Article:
Quality improvement and standardization of services in accordance with guidelines is the key to comfort and safety of this technique. Therefore, researchers should continue to seek accurate information so that hey may develop reasonable guidelines for water birth. Valid research, of course, is supported by good research methods and controls.

Hopefully in the future with the increasing number of randomized and controlled trials we will be able to improve the scientific assessment of water birth. In summary water birth can be one of the best methods of childbirth sought after by expecting family’s aiming for baby’s gentle landing on earth.


  1. Grunebaum A, Chervenak Fa. In the baby or the bathwater: which one should be discarded?J. Perinatat.Med 2004; 32:306-7
  2. Alfirevic,Z,et al. Immersion in water during labour and birth (Royal college of obstetricians and gynaecologist/Royal college of midwives joint statement no.1).2006;{5 screen}.. Available from: URL: http:/ Accessed: May 12,2009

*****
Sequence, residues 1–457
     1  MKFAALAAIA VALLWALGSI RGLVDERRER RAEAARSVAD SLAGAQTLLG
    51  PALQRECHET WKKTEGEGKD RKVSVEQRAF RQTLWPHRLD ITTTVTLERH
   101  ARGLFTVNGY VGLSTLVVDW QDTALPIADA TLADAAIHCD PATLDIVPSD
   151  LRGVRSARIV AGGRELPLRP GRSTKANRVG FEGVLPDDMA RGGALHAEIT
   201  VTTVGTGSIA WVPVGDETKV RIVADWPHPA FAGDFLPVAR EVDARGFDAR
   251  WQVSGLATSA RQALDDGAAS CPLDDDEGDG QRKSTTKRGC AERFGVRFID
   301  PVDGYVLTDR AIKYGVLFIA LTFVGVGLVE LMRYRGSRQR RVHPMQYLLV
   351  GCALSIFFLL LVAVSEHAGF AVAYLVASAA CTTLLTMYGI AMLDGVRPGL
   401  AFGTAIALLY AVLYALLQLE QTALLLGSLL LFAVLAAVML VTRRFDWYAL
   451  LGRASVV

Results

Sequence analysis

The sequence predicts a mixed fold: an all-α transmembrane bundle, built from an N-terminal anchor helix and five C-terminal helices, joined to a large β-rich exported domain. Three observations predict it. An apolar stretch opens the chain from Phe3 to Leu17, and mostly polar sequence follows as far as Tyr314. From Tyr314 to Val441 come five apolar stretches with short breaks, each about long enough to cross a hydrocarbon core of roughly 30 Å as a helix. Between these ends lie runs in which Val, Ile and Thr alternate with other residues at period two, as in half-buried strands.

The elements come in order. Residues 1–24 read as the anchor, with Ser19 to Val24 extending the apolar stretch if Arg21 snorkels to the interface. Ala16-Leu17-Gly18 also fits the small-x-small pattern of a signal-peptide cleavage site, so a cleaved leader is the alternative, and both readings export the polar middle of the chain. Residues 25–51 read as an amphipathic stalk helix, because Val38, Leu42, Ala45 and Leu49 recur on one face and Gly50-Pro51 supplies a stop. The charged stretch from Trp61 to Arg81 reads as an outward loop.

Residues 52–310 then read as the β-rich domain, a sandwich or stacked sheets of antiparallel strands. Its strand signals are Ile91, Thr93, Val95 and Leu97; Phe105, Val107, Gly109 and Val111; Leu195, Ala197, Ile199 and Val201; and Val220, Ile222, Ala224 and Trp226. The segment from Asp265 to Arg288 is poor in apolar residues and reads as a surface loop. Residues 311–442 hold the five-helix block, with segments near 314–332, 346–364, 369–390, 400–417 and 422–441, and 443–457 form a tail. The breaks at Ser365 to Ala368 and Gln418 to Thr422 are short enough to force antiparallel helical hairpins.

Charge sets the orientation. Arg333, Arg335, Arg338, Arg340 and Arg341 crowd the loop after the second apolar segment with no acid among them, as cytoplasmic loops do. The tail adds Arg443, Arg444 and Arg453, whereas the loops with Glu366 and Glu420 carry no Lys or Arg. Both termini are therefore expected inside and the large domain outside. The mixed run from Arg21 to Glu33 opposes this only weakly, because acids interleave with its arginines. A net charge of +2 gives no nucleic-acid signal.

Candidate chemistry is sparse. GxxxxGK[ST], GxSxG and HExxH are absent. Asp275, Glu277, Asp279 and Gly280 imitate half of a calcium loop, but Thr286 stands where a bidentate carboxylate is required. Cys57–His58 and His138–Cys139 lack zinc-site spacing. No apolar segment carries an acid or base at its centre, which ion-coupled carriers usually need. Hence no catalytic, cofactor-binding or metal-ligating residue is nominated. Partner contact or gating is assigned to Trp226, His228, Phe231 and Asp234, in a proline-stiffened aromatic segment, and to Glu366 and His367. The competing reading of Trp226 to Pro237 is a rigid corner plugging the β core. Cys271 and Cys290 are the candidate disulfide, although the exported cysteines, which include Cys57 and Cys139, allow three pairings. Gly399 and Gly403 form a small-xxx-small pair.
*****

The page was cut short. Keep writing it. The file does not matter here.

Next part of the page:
3. Duley, L.M.M. Birth in Water (RCOG Statement no.1).2001:{3 screens}. Available from: URL:
  4. Palmer, J. In water during labour and birth. 2001; {4 screens}. Available from: URL:
  5. Chapman,B. Water birth protocol: Five North Island hospital in NeW Zealand. College of midwives Journal.2004; 30:20-4
  6. Singh U, Schereiner A, Macdermott R, Johnston D, Seymour J, Garland D,et al.Guidelines for Water Birth within the midwifery led unit and at home (Dartford and Gravesham-NHS Trust).2006;{4 screen}. Available from: http//www.darentvalley . Accessed: May 13,2009
  7. Parker PC, Boles RG. In pseudomonas otitis media and bacterimia following a water birth. Pediatrics 1997; 99:653-4